JEP 243: Java-Level JVM Compiler Interface

OwnerJohn Rose
Created2014/10/29 20:43
Updated2016/06/28 17:32
Componenthotspot / compiler
Discussionhotspot dash compiler dash dev at openjdk dot java dot net
Reviewed byDouglas Simon, Mikael Vidstedt, Thomas Wuerthinger, Vladimir Kozlov
Endorsed byMikael Vidstedt


Develop a Java based JVM compiler interface (JVMCI) enabling a compiler written in Java to be used by the JVM as a dynamic compiler.



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An optimizing compiler is a complex piece of software that benefits greatly from the features provided by Java such as automatic memory management, exception handling, synchronization, excellent (and free) IDEs, excellent unit testing support and runtime extensibility via service loaders just to name a few. In addition, a compiler does not require the low-level language features required by many other JVM subsystems such as the bytecode interpreter and garbage collector. These observations strongly suggest that writing a JVM compiler in Java should allow production of a high quality compiler that will be easier to maintain and improve than existing compilers developed in C or C++. JVMCI provides the API necessary to demonstrate and experiment with this potential.


The JVMCI API will be composed of mechanisms for:

An excellent demonstration of using JVMCI to write and deploy a high performance compiler in the JVM is provided by Graal which has demonstrated peak performance on par with C2 across a wide range of benchmarks.


There are no existing alternatives for a Java based compiler that is usable as a dynamic compiler in the JVM.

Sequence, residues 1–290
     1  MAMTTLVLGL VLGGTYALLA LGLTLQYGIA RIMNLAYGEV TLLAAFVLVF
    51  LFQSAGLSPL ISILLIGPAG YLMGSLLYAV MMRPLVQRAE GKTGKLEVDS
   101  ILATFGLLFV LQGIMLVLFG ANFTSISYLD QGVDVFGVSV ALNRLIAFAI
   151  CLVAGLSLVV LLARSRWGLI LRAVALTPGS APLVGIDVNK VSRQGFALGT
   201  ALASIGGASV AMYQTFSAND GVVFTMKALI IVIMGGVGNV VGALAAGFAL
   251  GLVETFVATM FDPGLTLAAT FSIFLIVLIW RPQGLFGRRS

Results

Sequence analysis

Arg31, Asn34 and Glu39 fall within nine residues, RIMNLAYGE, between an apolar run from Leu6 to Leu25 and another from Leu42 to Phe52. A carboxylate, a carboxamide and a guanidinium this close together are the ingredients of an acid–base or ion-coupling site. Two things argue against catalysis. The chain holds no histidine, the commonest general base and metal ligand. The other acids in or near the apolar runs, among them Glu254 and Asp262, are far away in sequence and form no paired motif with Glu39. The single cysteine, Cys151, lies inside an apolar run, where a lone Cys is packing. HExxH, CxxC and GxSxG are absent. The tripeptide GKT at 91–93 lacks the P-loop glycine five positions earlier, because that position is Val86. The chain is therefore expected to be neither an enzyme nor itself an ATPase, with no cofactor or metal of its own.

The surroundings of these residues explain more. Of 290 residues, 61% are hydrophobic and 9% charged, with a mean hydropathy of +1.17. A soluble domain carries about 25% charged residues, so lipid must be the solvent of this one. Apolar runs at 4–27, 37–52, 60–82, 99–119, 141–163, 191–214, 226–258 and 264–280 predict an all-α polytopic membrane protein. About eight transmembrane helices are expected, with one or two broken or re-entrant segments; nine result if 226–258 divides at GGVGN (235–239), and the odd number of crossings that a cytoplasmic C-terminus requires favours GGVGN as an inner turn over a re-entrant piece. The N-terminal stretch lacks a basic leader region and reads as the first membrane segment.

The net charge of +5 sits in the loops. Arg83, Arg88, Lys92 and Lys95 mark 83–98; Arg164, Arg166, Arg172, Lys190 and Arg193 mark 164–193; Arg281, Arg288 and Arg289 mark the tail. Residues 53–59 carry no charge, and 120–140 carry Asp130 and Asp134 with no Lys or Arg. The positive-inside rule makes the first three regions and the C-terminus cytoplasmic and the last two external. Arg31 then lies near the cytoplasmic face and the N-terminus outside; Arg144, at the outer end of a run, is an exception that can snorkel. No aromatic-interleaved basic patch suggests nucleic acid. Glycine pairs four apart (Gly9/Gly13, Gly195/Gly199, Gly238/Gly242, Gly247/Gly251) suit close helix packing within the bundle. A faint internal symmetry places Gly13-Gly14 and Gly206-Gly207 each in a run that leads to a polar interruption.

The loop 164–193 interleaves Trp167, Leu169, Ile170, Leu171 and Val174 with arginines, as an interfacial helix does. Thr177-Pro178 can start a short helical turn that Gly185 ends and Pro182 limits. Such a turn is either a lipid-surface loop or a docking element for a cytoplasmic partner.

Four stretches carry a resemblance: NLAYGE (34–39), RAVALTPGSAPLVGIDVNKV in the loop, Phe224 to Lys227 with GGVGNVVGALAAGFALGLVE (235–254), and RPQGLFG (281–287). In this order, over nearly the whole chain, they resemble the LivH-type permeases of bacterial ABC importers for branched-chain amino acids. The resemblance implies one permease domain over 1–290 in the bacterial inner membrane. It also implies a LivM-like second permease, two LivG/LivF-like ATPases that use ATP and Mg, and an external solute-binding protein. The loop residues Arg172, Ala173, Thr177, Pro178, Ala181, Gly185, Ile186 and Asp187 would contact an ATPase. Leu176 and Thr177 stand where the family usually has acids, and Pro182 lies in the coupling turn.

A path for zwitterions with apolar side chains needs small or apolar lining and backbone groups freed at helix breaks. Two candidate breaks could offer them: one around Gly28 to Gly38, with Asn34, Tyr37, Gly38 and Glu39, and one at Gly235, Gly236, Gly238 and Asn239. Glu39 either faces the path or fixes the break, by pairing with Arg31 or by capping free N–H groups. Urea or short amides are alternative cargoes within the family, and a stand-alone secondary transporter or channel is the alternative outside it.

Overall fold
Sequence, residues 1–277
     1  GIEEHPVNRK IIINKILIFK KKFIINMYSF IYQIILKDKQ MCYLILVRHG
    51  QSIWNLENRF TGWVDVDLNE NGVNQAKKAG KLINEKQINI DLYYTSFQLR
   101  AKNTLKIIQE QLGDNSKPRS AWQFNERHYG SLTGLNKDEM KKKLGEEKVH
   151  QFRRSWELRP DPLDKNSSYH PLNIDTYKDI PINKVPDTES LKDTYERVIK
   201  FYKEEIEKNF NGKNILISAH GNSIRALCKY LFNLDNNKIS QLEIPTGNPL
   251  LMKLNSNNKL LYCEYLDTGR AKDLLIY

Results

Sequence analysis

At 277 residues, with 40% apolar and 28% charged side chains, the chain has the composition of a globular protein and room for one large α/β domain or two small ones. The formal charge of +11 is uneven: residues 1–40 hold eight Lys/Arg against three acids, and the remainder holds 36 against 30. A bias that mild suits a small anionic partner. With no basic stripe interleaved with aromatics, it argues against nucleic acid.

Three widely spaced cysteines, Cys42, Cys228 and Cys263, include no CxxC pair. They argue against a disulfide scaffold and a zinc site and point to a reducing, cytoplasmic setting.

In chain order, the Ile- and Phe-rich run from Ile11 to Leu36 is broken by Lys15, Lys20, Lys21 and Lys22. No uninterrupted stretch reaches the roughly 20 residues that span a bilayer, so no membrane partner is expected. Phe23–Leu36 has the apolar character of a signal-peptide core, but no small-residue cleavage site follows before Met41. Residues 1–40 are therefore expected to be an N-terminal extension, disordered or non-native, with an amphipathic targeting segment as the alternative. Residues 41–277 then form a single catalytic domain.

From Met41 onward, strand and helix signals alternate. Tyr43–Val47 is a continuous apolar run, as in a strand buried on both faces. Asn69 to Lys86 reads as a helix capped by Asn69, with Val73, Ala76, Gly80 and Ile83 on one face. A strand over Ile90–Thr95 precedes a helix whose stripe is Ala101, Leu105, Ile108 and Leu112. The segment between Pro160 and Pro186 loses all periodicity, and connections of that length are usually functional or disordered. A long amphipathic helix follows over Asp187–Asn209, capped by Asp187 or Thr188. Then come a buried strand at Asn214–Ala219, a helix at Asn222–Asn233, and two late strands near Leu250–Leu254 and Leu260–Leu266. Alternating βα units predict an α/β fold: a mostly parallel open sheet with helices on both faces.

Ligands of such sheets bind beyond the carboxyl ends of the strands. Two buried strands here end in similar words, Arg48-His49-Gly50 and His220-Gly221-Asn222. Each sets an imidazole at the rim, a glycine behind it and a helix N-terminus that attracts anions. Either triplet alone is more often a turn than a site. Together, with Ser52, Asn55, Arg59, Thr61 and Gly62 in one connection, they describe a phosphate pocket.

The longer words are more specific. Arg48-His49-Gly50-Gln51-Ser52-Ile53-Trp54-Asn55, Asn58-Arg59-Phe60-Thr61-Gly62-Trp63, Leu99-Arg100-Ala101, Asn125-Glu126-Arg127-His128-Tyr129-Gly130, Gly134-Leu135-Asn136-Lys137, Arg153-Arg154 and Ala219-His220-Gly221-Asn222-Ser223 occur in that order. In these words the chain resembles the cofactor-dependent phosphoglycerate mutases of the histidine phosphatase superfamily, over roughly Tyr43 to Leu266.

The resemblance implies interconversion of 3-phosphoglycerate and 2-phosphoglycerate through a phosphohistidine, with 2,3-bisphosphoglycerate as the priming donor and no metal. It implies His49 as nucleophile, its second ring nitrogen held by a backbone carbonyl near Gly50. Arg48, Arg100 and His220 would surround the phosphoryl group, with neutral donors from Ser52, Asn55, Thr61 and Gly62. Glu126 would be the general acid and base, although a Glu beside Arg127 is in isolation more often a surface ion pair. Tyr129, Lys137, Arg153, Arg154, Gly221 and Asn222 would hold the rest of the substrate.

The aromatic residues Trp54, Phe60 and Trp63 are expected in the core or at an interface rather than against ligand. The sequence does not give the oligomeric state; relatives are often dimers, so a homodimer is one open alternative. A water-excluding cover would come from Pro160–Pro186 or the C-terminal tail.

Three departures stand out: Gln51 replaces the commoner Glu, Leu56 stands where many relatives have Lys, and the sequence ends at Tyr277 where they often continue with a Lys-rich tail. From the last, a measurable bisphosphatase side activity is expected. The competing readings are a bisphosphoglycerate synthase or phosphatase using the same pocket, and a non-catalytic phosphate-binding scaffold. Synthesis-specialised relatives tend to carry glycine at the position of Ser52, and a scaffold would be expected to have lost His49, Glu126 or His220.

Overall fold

The JVMCI implementation includes an extensive set of unit tests for the parts of the API exposed to a compiler developer as well as white box tests for internal parts that makes calls into the VM to implement the public parts.

Risks and Assumptions

A Java API that allows VM internals to be accessed and compiled code to be installed and executed presents an obvious security risk. In JDK8 (where JVMCI was first prototyped and is still co-developed along with the JDK 9 port), the JVMCI API was hidden from untrusted code by loading it with a class loader inaccessible to anything but code on the boot class path. In JDK 9, the intention is to use access controls that are part of the Module System (JSR 261) to prevent untrusted code from being able to use JVMCI. JVMCI needs to be as secured as the Unsafe class is.

JVMCI will be experimental in JDK 9 and such will require extra command line options to enable it. For example:

-XX:+UnlockExperimentalVMOptions -XX:+EnableJVMCI -XX:+UseJVMCICompiler -Djvmci.Compiler=<name of compiler>

Making JVMCI experimental allows for extensive experimentation while mitigating any risk to JVM customers.


As mentioned above, JVMCI is dependent on the access controls in JSR 261 to isolate JVMCI from untrusted code.